In the event that Critical Chance plus Shield Chance is greater than 100%, Critical Chance will override the Shield Chance. For example, if Critical Chance was 50% and Shield Chance was 60%, Shield Chance would effectively be reduced to 50%. Notice there is no opportunity for a normal hit in this scenario.

The most common manifestation of this is when hits have a 100% Critical Chance. This phenomenon applies to incoming hits as well. Specifically, tanks will never be able to shield a critical hit.

Determining the Magnitude of a Critical Hit

Your Critical Multiplier represents the increased damage done by a critical hit. Here we see a Critical Multiplier of 72.96%.


Thus, a critical hit will do all of the damage of a normal hit and then 72.96% more damage or 172.96% of the damage of a normal hit.

Your Critical Multiplier has a base value of 50%. This amount is increased via your Surge Rating and other buffs. For example, reaching max affection with your melee DPS companion will grant you +1% to your Critical Multiplier. Typically, there will be a skill in your skill tree that “…increases the critical strike damage…” of one or more attacks. The quoted text indicates the skill will increase your Critical Multiplier.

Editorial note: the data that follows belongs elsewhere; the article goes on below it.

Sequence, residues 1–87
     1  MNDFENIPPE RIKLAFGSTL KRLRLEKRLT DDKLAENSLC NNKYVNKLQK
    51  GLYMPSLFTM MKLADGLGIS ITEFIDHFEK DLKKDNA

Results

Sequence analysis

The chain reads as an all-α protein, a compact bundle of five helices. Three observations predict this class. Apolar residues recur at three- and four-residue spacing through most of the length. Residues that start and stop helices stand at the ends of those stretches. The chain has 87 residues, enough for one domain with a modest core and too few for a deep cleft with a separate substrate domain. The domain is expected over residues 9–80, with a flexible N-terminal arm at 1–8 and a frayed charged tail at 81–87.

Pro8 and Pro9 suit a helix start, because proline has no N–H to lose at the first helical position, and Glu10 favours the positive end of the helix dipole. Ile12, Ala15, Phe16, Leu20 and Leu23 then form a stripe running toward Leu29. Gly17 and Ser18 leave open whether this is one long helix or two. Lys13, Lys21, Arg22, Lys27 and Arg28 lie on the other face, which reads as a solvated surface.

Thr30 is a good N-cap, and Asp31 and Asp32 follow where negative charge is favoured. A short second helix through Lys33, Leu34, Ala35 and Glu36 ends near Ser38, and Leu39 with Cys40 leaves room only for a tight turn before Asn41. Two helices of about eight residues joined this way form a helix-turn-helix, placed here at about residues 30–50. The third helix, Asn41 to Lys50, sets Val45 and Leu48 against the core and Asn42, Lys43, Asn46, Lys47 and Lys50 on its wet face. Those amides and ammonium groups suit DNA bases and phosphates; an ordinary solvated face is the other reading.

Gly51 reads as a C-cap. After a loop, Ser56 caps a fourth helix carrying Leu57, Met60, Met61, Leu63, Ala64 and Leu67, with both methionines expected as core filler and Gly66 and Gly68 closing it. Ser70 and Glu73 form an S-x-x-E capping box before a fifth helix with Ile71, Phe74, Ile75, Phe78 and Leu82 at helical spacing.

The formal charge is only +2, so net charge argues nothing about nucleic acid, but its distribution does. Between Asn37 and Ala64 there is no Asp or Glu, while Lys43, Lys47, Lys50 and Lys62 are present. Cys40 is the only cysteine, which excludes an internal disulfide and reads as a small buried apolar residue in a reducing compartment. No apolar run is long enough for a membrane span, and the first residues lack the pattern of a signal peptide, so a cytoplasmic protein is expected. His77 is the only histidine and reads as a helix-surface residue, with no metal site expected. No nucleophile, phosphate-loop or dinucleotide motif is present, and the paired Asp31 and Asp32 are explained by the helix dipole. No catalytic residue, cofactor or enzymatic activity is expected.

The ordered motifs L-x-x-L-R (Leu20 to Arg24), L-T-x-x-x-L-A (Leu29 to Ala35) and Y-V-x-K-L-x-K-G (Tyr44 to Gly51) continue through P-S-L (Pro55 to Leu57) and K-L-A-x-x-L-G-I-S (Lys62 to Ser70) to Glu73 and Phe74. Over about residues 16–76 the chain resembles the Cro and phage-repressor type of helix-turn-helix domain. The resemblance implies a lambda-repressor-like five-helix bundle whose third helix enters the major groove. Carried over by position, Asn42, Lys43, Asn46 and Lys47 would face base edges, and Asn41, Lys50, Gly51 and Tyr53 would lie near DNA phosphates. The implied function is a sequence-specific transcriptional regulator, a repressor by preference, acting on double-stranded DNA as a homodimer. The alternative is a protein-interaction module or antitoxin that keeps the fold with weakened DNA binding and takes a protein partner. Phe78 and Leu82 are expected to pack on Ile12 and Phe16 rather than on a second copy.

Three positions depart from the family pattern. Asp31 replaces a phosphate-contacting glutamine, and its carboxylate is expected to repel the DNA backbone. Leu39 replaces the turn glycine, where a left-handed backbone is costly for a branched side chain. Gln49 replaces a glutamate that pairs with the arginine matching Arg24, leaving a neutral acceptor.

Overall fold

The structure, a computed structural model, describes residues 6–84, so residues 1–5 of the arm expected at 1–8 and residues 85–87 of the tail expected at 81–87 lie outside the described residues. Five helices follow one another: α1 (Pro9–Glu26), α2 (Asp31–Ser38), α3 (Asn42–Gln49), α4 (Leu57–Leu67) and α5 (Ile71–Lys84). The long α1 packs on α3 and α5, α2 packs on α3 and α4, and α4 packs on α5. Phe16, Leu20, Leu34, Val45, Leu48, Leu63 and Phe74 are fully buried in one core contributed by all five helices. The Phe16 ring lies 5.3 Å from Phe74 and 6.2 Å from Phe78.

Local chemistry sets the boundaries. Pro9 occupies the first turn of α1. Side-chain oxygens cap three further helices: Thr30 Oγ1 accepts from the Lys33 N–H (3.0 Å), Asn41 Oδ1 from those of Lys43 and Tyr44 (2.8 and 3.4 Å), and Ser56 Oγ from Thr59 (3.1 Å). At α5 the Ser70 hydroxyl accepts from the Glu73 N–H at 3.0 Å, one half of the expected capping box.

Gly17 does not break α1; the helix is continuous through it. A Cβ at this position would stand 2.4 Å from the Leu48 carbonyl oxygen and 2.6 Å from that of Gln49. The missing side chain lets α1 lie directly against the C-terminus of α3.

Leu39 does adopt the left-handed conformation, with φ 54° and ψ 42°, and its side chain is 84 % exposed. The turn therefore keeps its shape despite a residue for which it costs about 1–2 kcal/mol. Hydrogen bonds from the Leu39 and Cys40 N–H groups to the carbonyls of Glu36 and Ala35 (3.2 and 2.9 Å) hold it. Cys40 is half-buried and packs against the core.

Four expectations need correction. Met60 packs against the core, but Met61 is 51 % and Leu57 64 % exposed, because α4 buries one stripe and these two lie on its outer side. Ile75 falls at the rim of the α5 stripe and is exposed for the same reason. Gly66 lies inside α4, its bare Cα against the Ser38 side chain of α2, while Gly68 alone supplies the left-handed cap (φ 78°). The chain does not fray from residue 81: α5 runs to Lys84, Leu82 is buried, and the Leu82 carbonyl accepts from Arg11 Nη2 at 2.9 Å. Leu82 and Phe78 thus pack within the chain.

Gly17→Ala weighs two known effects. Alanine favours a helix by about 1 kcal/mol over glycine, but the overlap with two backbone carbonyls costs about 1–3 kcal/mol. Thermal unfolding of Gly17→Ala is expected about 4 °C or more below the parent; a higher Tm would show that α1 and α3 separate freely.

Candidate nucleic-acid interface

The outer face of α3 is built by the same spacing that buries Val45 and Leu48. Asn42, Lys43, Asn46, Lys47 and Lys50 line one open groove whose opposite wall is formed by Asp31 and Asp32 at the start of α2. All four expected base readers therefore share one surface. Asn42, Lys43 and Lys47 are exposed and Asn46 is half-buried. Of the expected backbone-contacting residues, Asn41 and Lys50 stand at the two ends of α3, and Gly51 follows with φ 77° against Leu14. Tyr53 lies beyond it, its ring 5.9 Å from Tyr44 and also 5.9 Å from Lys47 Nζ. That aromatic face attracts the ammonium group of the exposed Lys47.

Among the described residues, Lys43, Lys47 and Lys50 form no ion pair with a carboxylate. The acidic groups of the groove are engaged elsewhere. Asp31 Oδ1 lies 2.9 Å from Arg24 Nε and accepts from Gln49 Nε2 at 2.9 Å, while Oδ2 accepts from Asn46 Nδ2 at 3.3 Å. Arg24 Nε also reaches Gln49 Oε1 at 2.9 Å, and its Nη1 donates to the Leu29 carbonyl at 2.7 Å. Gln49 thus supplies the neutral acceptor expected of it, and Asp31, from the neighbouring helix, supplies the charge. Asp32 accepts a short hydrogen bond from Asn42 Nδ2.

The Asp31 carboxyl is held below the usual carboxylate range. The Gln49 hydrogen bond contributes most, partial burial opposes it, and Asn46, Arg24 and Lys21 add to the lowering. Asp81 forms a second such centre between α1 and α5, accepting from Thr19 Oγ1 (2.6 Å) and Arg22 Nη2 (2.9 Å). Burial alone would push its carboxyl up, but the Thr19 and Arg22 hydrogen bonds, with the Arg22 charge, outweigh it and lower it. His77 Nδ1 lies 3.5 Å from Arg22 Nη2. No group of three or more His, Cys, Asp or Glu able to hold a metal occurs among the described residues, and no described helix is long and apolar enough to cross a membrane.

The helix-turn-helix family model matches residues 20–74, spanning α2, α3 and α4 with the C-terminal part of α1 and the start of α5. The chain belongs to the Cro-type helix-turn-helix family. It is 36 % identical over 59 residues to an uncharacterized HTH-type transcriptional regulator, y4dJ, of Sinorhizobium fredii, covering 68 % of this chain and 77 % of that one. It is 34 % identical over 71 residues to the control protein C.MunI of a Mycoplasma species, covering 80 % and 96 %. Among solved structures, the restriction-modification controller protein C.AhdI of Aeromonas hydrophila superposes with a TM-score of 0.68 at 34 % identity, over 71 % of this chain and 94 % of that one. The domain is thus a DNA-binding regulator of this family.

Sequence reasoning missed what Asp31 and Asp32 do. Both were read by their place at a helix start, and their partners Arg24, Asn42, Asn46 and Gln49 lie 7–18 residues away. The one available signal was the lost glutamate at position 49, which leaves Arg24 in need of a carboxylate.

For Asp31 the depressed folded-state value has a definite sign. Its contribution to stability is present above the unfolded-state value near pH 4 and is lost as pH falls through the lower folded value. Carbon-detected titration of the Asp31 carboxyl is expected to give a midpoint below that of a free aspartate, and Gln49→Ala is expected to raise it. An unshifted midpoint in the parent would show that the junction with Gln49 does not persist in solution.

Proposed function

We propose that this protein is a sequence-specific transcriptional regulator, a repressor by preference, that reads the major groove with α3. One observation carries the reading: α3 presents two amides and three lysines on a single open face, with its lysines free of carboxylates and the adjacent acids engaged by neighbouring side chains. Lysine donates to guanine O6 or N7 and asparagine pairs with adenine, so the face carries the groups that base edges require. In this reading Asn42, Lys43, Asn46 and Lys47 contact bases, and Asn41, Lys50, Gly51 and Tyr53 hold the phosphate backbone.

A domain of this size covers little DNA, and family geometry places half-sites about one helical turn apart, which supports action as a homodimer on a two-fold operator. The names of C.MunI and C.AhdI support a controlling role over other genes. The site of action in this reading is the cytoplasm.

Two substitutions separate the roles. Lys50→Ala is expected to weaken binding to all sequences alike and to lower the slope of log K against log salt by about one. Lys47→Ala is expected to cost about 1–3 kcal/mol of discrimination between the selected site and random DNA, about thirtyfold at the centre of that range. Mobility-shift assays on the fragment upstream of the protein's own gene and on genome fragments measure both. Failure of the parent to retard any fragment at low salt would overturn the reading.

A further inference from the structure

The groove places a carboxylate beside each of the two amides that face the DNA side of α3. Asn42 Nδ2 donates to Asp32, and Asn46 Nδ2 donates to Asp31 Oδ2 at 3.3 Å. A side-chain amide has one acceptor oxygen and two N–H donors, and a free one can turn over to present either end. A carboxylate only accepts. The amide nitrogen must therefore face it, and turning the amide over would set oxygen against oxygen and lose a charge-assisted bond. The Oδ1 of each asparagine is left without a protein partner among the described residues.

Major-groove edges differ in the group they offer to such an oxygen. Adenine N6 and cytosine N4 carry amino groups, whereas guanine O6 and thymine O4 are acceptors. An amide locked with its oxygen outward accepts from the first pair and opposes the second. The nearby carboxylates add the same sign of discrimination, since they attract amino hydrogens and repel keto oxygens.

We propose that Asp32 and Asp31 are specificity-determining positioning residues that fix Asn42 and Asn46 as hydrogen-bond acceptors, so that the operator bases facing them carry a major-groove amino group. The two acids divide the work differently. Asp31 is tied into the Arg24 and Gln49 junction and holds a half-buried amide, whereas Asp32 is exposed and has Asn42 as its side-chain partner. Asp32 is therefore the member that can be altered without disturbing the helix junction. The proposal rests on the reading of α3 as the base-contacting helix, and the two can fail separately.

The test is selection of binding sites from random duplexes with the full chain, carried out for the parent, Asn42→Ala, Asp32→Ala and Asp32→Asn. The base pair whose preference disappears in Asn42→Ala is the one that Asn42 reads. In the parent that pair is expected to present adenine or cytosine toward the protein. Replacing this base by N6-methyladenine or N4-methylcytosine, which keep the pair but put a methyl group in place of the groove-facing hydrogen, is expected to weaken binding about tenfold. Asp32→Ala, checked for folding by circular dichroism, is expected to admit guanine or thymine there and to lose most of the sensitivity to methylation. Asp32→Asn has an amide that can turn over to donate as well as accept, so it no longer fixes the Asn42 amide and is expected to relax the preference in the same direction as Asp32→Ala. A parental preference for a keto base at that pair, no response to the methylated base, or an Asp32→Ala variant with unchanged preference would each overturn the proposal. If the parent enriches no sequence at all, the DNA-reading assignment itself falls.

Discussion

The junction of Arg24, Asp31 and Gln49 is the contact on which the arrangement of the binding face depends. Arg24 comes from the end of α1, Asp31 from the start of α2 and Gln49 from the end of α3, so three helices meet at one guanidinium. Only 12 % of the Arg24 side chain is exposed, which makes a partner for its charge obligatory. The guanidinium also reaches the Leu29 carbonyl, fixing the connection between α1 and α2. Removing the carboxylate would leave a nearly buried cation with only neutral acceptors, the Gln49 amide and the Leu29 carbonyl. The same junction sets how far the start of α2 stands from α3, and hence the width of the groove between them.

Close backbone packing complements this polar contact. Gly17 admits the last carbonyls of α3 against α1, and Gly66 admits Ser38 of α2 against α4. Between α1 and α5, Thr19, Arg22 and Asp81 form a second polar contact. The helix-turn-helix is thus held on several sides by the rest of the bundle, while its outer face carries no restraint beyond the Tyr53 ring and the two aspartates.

Applying Type of Hit to Expected Damage

As a rule, NPCs do not have a shield, so for Elder Game content there are two possible outcomes a normal hit and a critical hit. The magnitude of the hit – given you actually hit – equals a weighted average of the two possible outcomes.

For example, if we have an attack that does base damage of 3,000 and a 30% Critical Chance and a 75% Critical Multiplier, how much damage should we expect? To start, we can calculate the damage of a critical hit; it is 3,000 * 175% = 5,250. Our Critical Chance tells us this should happen 30% of the time. The remaining 70% will be a normal hit of 3,000. We can do a weighted average of the two outcomes to determine the magnitude of hit: